This might sound silly, but according to a number of home care providers, major payers still struggle to understand the difference between home care and home health.
“I didn’t realize how big of a learning curve there actually was for these payers,” Kerin Zuger, vice president of business development at Right at Home, told HHCN.
To combat this problem, Zuger and the team at the Omaha, Nebraska-based franchise network — which has nearly 500 U.S. locations — created a four-page brochure highlighting home care’s value proposition within the MA framework. Right at Home then sent the brochure to the country’s biggest MA plans to introduce themselves and their services.
Titled “Why Medicare Advantage Needs Home Care,” the document serves as Home Care 101. The top-line information stresses the connection between home care and social determinants of health, in addition to outlining the coming decades of home care need.
Sourcing the 2016 report “Caring For America’s Seniors: The Value of Home Care,” written jointly by Home Care Association of America and Global Coalition on Aging, Right at Home’s brochure focuses on four areas that illuminate the growing impact that non-medical home care can have on health-related outcomes:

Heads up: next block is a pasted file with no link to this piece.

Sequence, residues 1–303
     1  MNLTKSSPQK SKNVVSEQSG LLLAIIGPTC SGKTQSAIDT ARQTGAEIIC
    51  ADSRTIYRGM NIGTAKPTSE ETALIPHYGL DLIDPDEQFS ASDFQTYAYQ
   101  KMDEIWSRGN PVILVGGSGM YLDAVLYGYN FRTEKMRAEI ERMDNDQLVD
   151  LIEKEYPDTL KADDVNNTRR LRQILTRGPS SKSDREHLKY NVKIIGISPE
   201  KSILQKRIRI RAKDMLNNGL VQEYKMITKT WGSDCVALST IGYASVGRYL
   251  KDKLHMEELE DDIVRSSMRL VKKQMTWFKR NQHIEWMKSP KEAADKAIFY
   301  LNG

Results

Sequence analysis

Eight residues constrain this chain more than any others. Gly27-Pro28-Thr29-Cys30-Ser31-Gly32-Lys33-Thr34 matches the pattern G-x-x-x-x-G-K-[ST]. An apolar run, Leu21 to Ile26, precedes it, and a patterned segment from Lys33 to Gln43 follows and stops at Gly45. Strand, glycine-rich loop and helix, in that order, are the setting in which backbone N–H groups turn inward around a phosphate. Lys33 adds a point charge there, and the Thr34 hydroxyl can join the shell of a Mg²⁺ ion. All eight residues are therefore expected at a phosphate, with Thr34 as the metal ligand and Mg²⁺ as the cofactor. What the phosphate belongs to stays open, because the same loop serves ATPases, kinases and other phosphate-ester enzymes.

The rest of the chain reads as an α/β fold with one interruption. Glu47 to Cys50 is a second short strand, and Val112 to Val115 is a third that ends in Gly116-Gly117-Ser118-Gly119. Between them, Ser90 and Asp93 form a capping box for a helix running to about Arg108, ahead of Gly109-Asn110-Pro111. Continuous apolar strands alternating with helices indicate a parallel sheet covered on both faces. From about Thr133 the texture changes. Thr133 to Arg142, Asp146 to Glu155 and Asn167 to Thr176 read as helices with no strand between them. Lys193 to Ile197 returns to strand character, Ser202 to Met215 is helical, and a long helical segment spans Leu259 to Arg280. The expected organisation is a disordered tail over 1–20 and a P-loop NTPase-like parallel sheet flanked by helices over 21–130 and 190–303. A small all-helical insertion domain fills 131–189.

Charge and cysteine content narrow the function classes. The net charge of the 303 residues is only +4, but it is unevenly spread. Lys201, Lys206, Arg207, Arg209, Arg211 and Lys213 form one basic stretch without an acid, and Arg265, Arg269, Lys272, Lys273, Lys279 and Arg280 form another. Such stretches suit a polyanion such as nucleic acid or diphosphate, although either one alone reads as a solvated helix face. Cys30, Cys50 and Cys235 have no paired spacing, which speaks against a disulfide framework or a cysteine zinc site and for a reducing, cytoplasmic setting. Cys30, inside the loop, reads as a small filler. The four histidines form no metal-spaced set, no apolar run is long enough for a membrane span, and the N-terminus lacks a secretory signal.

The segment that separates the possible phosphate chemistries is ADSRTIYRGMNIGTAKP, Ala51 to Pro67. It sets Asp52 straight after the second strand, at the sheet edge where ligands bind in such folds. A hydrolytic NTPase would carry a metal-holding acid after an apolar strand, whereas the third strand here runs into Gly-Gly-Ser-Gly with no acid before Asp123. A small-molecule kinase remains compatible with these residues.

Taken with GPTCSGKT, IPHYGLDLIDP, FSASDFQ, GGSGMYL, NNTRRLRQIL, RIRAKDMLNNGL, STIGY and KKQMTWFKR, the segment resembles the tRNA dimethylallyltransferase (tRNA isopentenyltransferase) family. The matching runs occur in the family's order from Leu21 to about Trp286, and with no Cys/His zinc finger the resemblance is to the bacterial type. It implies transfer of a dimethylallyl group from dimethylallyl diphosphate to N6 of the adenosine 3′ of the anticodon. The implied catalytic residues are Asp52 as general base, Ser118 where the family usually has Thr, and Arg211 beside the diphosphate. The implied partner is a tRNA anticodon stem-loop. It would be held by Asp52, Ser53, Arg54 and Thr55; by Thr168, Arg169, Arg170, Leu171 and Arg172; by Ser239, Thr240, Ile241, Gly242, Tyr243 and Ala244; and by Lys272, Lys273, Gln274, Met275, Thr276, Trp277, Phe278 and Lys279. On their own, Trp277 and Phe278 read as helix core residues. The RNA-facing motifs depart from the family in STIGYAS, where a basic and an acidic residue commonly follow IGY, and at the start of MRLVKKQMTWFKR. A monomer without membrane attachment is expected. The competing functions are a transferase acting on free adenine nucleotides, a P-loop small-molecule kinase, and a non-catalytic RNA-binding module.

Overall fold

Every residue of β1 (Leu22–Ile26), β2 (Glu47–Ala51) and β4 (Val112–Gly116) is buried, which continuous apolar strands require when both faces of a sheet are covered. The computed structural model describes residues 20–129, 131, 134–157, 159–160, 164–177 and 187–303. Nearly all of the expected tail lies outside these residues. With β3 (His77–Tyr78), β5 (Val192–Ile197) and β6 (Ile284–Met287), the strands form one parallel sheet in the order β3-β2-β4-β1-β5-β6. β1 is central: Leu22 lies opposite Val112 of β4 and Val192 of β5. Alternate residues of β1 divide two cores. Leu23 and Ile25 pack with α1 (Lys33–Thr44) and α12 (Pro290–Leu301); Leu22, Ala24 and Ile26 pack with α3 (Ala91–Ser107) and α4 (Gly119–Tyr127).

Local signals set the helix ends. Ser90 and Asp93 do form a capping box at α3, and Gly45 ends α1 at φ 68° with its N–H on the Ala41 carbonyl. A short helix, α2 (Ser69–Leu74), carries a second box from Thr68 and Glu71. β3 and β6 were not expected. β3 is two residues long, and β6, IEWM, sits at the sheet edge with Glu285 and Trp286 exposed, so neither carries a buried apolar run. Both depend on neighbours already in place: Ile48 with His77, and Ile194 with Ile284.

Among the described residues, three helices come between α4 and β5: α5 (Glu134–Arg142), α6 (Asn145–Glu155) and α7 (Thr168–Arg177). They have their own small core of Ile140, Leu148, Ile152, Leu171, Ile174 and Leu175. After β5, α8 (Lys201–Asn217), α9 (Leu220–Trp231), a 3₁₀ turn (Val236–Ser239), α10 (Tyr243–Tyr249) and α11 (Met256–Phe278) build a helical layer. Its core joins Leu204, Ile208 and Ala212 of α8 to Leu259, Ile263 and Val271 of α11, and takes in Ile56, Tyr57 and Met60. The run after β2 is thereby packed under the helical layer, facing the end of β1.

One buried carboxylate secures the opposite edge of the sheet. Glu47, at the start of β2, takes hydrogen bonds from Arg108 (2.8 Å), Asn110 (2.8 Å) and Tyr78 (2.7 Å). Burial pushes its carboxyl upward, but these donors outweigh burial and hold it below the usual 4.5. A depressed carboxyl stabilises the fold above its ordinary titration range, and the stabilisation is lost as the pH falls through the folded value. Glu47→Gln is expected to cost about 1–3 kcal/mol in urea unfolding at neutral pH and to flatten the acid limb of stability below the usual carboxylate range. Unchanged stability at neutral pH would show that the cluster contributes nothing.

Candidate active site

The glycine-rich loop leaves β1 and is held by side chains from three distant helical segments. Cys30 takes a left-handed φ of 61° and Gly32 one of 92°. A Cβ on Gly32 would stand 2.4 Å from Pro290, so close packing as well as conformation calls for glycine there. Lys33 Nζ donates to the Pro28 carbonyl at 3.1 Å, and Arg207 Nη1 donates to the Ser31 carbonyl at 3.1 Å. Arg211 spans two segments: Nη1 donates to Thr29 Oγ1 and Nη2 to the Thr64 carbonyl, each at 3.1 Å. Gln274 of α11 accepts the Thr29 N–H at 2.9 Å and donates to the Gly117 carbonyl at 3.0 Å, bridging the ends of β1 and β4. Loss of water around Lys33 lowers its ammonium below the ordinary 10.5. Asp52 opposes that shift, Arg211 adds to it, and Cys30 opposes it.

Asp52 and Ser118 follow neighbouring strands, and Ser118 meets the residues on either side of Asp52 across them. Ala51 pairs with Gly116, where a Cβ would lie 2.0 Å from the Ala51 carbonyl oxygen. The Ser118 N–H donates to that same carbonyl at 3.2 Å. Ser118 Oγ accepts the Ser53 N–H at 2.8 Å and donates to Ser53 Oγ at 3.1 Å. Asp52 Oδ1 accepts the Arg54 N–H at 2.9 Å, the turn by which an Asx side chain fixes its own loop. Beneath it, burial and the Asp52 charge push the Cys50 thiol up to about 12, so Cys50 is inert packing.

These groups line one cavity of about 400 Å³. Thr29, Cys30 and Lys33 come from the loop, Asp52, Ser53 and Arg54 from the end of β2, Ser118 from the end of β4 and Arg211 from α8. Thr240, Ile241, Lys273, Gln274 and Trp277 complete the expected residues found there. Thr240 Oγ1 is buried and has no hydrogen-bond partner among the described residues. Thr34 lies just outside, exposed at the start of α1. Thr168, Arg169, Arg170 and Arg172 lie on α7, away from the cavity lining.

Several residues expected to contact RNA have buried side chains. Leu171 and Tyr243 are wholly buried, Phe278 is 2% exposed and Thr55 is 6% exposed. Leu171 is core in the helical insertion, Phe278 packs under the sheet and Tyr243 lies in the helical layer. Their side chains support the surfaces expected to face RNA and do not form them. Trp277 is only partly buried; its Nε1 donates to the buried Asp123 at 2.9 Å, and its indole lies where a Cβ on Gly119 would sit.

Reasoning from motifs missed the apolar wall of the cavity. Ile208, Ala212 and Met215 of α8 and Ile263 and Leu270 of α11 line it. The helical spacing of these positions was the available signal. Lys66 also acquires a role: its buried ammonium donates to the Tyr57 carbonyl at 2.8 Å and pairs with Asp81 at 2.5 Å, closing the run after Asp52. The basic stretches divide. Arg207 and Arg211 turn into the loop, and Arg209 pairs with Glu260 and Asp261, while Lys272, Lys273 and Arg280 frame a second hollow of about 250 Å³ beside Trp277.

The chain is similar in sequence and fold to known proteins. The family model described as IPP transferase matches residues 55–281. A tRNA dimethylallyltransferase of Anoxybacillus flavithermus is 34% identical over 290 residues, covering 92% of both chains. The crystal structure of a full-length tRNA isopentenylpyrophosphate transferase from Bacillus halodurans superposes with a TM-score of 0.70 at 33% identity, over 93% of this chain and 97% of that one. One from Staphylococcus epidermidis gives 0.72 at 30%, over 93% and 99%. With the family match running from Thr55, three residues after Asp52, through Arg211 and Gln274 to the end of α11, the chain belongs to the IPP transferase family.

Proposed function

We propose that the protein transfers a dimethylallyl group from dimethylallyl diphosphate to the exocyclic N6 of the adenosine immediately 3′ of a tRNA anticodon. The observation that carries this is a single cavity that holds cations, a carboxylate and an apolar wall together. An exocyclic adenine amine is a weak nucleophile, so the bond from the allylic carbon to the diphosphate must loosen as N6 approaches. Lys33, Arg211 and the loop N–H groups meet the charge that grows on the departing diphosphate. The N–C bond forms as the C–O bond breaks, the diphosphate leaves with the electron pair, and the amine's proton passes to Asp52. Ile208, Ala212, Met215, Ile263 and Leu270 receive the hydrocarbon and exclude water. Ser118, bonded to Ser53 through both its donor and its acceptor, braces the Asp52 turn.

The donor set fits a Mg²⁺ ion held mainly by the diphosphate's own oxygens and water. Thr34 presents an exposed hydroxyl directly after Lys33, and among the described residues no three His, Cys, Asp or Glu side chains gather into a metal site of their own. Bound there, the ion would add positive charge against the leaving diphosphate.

— The growing need for affordable in-home care
— The impact home care has on preventing falls
— The impact home care-related early intervention has on delaying institutionalization
— The correlation between home care services and reduced hospital readmissions
The brochure even goes one level further than high-level insights and data, providing a straightforward list of six tasks that home care providers deliver to prevent seniors from falling, such as household chores and medication reminders.
The list is so simple that home care providers might not even think to mention some of those tasks to payers. But going that basic, Zuger found, is crucial to success as providers build relationships with plans.
Even if all of the information barriers were gone, the data challenge would remain.
“We can talk until we’re blue in the face on what the value is of including personal and companion services or respite care services in a plan, but until you have the data to prove it, it’s difficult for payers to really digest,” Zuger said.
Until payers can do that, “it’s hard for them to determine what specific services and hours they should include in the plan,” she added.